August 16, 2010

Does Anderson have nose for the ball?

The process has been slow and converted offensive guard Justin Anderson admits there's a lot he still needs to learn about playing nose on the defensive line.

That said, with the Sept.4 season-opener against Louisiana-Lafayette now less than three weeks away, he sees no reason why he won't be ready to at least give the Bulldogs some quality snaps at the position should he be called upon.

"I think I will. That's my goal, to be ready, mentally and physically so I can help this team," Anderson said. "It's getting there; I feel like it's about there. I still need to get out of the habit, sometimes, of lining up like an offensive lineman or taking steps like an offensive lineman. It's just something I have to grow out of because I've been doing it for so long."

A junior from Ocilla, Anderson made five starts for Georgia last fall at right guard. But when new defensive coordinator Todd Grantham arrived on the scene, it was decided by coaches from both sides of the ball that the 6-foot-5, 330-pounder might be a perfect fit for nose.

So far, the reviews have been good. So good in fact, that even defensive line coach Rodney Garner had some positive words to say about Anderson, who is competing for playing time at nose along with DeAngelo Tyson, Kwame Geathers and Mike Thornton.

During Georgia's first preseason scrimmage last Tuesday, Garner decided to test Anderson by letting him get some snaps with the first-team defense on the day's second series.

"The first series we started DeAngelo but then in the second series we put Bean (Anderson) in there with our base package," Garner said. "He's improving. He's still got a long way to go, but I like his attitude, in that he's taking to the teaching and trying to implement it on the field. I've been pleased with how attentive he has been and able to retain the information. I was concerned about that with the new system, but he's done a decent job."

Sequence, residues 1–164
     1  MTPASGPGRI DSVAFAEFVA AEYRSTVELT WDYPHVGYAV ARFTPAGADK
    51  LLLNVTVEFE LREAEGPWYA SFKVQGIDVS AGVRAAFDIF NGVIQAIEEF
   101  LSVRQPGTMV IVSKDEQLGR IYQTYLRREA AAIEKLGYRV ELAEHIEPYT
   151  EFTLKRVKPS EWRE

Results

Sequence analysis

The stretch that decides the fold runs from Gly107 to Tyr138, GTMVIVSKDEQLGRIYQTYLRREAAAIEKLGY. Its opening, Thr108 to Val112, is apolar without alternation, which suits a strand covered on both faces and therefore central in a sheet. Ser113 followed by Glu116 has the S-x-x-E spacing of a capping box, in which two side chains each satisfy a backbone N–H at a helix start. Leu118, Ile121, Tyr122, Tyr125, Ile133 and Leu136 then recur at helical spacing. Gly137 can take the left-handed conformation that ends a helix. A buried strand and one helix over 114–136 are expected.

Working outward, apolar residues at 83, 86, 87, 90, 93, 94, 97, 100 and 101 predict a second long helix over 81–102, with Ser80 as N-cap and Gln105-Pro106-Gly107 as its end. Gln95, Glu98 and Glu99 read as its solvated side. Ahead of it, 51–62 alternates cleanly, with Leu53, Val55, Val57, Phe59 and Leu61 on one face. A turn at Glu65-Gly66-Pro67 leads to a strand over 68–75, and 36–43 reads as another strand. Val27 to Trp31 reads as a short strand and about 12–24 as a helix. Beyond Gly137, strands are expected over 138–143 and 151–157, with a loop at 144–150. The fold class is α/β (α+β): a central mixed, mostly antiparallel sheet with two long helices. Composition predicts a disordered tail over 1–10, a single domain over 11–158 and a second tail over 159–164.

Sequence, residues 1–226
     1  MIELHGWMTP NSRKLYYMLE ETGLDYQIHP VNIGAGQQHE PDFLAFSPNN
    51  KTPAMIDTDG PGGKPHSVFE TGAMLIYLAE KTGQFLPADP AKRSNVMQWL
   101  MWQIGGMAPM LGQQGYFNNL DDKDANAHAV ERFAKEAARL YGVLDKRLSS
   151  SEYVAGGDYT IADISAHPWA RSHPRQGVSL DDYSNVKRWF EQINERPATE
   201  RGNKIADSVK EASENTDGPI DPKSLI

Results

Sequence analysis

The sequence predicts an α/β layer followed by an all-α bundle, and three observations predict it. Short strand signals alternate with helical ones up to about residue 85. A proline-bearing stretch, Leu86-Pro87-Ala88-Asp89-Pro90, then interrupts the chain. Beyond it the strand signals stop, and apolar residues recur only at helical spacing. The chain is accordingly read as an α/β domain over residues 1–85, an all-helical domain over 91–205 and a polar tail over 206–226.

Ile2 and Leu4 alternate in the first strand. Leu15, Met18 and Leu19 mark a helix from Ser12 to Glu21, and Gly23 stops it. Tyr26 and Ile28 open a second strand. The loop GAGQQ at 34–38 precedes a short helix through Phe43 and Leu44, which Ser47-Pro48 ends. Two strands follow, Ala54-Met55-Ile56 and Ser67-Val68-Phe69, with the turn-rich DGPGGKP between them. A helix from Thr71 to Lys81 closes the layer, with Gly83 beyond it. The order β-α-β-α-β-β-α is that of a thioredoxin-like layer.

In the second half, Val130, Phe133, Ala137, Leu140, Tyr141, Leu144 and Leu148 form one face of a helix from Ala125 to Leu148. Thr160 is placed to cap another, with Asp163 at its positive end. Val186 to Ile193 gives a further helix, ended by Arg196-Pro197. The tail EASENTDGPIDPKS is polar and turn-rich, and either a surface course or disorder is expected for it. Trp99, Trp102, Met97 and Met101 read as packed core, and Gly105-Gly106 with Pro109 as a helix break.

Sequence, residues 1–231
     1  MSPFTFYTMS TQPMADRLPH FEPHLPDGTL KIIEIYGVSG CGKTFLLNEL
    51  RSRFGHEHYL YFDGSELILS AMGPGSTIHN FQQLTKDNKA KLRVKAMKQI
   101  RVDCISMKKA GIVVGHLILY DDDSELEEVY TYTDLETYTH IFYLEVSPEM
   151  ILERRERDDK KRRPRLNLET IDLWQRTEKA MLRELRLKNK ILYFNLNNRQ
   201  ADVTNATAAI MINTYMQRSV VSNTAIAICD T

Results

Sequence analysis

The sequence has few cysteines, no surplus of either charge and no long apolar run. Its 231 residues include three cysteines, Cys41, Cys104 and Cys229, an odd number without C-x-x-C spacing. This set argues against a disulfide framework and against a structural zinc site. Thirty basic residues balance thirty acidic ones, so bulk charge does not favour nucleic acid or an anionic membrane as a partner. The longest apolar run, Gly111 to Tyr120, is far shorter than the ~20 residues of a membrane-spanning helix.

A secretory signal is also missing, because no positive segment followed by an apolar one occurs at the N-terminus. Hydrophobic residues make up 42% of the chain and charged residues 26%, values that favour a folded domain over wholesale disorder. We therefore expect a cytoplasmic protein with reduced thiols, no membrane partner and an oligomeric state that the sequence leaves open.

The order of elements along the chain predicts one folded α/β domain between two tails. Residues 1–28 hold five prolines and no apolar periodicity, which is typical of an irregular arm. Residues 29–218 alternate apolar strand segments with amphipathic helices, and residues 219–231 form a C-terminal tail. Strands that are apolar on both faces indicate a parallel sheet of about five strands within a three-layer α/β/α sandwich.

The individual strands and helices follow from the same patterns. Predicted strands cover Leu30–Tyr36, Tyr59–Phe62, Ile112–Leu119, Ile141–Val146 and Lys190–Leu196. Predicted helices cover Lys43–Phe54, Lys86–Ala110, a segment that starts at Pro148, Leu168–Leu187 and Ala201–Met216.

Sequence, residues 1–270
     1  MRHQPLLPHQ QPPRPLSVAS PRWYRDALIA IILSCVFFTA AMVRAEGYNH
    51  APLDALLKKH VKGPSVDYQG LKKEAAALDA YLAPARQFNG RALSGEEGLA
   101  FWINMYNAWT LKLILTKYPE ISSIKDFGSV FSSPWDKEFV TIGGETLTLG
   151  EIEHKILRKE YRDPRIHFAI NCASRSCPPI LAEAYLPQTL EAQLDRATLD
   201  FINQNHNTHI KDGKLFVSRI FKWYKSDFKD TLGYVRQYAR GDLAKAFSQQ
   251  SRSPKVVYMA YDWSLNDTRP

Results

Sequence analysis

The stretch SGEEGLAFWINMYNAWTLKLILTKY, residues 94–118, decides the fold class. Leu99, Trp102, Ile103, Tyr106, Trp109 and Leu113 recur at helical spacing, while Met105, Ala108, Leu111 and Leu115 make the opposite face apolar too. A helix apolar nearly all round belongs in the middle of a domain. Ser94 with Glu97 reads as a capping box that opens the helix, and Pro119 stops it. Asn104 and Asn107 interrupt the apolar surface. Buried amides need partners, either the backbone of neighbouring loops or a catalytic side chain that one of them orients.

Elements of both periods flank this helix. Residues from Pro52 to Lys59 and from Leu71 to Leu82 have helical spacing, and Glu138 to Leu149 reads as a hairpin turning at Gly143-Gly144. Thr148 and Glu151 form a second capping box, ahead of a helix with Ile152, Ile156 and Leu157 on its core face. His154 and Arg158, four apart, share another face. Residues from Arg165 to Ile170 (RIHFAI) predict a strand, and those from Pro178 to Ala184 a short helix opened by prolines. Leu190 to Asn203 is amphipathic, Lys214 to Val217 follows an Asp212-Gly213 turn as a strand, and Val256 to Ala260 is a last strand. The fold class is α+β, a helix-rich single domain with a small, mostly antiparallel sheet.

Anderson said the early summons caught him a bit off guard.

"To be honest, I was kind of nervous but once I got out there the butterflies kind of died in my stomach and I was able to focus," he said. "Right now I'm just trying to learn as fast as I can because the season is right around the corner."

According to Anderson, most of his issues deal strictly with technique.

Although he played some defensive line as a prep standout at Irwin County High, everything he's doing now is basically brand new. Although physically Anderson hasn't experienced any difficulties, it's picking up the little nuances necessary to be an effective defensive lineman that continues to be somewhat of a chore.

But he believes progress is being made.

"It's going real good. I've learned lot more than I knew the first week, things like pass rush, taking the correct steps and using the correct hand splits. That's a big part when you play defensive line because if you can't use your hands you can't play," he said. "I'm still learning, trying to get through my hands, but I'm doing OK with my steps, so once I get the hand techniques down I'll be fine."

Dealing with the inevitable double-team a nose faces in the 3-4 is another issue Anderson is still having to learn.

It's hasn't been easy.

"It's difficult. Those double-teams are no joke," he said. "You take a false step and you can get washed easily. That's something I'm learning day by day. I'm not perfect, but once I get a couple of games under my belt I will be ok."

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